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Just as we learn that certain features—roundness, a twiggy stem, smooth skin—characterize an apple, we learn to recognize each letter by its particular arrangement of lines, curves and hollow spaces.
After all, we did not invent writing until relatively recently in our evolutionary history, around the fourth millennium B. So the human brain improvises a brand-new circuit for reading by weaving together various regions of neural tissue devoted to other abilities, such as spoken language, motor coordination and vision.
Some of these repurposed brain regions are specialized for object recognition—they are networks of neurons that help us instantly distinguish an apple from an orange, for example, yet classify both as fruit.
And recent surveys suggest that although most people still prefer paper—especially when reading intensively—attitudes are changing as tablets and e-reading technology improve and reading digital books for facts and fun becomes more common. S., e-books currently make up between 15 and 20 percent of all trade book sales.
Even so, evidence from laboratory experiments, polls and consumer reports indicates that modern screens and e-readers fail to adequately recreate certain tactile experiences of reading on paper that many people miss and, more importantly, prevent people from navigating long texts in an intuitive and satisfying way.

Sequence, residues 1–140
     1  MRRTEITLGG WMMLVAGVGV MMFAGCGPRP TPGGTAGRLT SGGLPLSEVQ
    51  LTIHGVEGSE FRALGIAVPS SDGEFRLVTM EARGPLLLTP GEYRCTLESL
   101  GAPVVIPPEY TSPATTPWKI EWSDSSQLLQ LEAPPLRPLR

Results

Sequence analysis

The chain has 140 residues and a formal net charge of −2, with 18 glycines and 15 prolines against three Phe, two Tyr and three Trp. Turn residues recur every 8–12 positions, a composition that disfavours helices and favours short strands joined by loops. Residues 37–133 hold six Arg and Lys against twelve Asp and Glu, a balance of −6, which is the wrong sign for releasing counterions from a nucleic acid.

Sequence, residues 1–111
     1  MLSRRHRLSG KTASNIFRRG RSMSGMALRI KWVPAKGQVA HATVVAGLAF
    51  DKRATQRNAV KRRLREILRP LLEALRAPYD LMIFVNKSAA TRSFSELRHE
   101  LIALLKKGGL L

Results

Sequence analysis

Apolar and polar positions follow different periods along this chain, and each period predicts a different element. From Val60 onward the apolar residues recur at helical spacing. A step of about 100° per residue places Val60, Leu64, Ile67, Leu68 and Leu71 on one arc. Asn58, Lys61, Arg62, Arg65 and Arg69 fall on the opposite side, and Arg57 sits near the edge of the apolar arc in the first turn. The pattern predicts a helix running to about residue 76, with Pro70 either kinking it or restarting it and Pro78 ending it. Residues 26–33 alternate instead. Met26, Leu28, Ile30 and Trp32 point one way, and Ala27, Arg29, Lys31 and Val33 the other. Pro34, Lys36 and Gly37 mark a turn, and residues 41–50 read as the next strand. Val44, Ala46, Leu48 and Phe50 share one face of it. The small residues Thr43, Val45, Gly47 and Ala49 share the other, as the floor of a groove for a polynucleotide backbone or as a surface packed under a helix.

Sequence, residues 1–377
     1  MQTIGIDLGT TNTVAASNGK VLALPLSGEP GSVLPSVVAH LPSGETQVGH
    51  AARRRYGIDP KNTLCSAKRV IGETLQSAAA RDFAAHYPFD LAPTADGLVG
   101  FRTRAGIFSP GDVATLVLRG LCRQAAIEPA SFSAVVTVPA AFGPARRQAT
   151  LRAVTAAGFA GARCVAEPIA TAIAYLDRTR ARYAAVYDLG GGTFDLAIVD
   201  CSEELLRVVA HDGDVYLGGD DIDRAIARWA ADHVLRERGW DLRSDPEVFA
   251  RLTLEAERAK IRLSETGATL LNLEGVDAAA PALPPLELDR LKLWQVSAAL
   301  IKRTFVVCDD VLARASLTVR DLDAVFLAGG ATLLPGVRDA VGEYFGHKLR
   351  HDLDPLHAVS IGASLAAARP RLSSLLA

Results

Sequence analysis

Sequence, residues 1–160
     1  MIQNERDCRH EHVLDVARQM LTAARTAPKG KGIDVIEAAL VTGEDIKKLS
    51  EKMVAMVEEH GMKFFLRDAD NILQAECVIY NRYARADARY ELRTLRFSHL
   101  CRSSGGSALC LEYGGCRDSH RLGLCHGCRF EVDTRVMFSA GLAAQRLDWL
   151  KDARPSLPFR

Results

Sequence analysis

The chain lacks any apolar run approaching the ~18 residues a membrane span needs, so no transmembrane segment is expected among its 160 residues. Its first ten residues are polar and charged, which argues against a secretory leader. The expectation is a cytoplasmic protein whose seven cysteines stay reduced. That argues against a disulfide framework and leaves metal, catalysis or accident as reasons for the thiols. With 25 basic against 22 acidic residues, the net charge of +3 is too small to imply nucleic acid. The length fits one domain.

We often think of reading as a cerebral activity concerned with the abstract—with thoughts and ideas, tone and themes, metaphors and motifs.
As far as our brains are concerned, however, text is a tangible part of the physical world we inhabit.
Perhaps his daughter really did expect the paper magazines to respond the same way an i Pad would.
Or maybe she had no expectations at all—maybe she just wanted to touch the magazines. Young children who have never seen a tablet like the i Pad or an e-reader like the Kindle will still reach out and run their fingers across the pages of a paper book; they will jab at an illustration they like; heck, they will even taste the corner of a book.
When we read, we construct a mental representation of the text in which meaning is anchored to structure.
The exact nature of such representations remains unclear, but they are likely similar to the mental maps we create of terrain—such as mountains and trails—and of man-made physical spaces, such as apartments and offices.